Tesla-Model-S-third-part-3After a concert last Thursdays night, Katya Pinkowski, a Tesla Model S owner in Vancouver, returned to her car in an underground parking lot to find it missing. Pinkowski told local news outlet The Province that after making sure her Model S didn’t get towed, she called her husband who quickly checked the Tesla App to confirm the location of the vehicle.

Tesla’s smartphone app allows owners to access certain features of their vehicles like climate control, charge state and fortunately for Katya and her husband Cary, real-time location tracking. When Cary looked at the app, he saw that the couple’s Model 85D was driving through Richmond, a city south of Vancouver, at 43 mph (70 km/h), presumably with a thief behind the wheel.

Cary then called 911 and relayed his car’s location in real-time to the operator. Usually having your car stolen results in a bad day, but the Pinkowskis seem to have enjoyed their experience. Cary told The Province:

“It was so much fun, actually. I could tell the 911 operator was excited … they’d never had this before, where they could actually track the car […] I could watch him go in and out all the streets in Richmond.”

The couple debated about contacting Tesla to see if the company could stop the car remotely, but they decided to let the local police handle the situation. The RCMP said in a statement that they were able to surround the vehicle and safely make an arrest. A RCMP spokesman told the The Province:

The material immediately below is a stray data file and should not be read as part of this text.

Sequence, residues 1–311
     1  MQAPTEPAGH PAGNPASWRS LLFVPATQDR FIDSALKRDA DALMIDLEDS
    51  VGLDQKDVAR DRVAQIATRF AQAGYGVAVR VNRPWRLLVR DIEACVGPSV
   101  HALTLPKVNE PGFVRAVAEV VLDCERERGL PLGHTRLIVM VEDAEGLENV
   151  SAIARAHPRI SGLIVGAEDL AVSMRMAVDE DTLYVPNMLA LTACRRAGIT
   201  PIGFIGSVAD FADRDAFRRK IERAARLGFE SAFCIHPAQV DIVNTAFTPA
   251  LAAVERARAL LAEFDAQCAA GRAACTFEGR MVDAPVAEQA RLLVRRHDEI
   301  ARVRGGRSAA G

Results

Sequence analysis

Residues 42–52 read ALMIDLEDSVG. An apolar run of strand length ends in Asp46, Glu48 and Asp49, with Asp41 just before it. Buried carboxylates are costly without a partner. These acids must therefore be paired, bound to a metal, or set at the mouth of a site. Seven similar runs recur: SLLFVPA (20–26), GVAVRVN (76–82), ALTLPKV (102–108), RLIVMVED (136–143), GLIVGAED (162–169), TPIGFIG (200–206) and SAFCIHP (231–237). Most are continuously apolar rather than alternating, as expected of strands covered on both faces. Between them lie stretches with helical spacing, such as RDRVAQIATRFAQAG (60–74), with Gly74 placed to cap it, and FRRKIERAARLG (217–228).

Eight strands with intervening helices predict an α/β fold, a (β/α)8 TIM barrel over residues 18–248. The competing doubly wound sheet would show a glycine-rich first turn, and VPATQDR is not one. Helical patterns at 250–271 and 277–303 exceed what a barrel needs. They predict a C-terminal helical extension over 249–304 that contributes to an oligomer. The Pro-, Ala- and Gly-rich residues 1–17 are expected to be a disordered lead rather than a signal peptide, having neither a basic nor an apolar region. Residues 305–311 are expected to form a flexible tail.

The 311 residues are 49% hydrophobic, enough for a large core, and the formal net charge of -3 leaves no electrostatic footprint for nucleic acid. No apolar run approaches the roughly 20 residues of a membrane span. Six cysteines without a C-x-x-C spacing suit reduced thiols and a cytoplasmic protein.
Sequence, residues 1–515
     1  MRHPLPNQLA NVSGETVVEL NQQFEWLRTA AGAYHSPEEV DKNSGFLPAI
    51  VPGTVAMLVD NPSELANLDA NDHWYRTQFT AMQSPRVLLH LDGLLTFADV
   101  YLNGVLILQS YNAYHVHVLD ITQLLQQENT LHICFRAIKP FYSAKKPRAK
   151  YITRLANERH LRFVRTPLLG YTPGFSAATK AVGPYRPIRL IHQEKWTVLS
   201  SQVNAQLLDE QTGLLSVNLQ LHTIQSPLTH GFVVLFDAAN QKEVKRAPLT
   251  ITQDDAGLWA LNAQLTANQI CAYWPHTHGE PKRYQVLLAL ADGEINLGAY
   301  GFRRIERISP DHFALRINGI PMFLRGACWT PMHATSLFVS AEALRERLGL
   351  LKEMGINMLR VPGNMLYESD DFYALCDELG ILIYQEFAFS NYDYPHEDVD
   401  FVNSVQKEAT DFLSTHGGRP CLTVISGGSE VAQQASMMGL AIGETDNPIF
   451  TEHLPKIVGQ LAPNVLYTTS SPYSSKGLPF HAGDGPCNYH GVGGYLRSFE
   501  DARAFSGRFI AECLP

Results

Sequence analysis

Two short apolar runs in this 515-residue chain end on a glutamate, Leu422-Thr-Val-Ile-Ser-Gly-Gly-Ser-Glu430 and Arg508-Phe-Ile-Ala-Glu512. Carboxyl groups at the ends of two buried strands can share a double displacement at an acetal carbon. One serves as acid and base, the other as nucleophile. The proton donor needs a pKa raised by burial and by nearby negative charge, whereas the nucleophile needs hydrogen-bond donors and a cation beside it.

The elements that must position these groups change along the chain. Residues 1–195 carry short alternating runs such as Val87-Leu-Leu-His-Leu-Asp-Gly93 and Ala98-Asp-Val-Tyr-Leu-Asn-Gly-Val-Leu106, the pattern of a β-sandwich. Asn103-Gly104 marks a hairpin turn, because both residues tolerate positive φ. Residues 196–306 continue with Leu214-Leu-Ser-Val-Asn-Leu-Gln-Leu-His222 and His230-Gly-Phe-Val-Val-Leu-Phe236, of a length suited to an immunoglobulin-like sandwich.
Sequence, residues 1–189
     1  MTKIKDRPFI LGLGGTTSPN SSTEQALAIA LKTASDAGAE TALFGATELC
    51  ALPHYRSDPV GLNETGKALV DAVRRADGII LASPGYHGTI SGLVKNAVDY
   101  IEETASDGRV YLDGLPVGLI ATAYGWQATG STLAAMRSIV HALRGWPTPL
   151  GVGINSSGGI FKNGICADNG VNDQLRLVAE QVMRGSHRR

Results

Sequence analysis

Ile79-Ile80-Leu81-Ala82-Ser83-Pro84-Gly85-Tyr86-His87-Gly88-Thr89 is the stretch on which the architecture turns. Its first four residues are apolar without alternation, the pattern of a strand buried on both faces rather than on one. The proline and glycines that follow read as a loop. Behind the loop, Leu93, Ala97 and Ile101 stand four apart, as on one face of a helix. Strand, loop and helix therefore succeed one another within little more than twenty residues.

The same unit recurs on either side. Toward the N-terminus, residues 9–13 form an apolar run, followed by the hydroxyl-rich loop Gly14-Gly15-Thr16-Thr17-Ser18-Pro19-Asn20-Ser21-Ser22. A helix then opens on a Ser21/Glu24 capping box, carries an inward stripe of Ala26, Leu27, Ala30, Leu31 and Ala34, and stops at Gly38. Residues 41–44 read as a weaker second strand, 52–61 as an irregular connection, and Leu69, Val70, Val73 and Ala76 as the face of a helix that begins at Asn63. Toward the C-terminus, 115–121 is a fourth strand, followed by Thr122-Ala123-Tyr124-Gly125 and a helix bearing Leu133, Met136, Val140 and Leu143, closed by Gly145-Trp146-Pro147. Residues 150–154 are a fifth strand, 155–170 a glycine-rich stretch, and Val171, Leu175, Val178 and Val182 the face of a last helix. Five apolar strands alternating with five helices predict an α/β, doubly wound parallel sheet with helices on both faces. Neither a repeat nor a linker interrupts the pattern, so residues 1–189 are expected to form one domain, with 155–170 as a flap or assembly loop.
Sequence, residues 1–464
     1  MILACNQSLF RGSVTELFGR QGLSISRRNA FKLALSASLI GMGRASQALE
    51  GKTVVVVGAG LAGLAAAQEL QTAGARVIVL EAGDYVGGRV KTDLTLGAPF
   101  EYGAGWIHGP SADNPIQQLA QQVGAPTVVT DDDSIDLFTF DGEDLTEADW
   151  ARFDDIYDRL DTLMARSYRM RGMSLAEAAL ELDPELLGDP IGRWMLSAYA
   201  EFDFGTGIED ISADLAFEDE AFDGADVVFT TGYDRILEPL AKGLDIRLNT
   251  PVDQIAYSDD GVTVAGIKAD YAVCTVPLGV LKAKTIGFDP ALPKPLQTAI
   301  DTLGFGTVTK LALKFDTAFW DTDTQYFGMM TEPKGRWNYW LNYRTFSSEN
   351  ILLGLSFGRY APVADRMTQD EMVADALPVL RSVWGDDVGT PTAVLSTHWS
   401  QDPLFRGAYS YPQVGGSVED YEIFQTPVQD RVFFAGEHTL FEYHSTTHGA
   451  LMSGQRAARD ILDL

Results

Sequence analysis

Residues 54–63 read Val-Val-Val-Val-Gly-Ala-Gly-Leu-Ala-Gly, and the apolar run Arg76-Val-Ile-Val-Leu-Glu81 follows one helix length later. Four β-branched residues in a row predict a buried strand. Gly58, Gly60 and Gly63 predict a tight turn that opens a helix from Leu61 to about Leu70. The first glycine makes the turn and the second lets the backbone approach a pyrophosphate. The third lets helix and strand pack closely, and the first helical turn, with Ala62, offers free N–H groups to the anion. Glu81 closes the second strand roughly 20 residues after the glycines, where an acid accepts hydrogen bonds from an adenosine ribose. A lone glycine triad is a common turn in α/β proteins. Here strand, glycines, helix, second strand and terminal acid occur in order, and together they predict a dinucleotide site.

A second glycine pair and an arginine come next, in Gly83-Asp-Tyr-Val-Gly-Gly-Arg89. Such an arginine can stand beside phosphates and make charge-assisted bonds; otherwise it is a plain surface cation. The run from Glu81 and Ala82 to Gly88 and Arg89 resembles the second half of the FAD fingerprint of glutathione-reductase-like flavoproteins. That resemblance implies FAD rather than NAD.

“This is the first such Tesla recovery our detachment has encountered. What was unique in this incident was the ability for the Tesla owner to provide the E-Comm police dispatcher with accurate real-time tracking data.”

A 24 years old man was arrested for possession of stolen property and the Pinkowskis were able to retrieve their car at around 1 a.m. – just a few hours after the incident.

As it turns out, the thief gained access to the Model S because the couple mistakenly left in the vehicle a spare fob key they had recently bought. Very few Model S’s have been reported stolen, presumably because they are known to always be connected to the internet and tracked.

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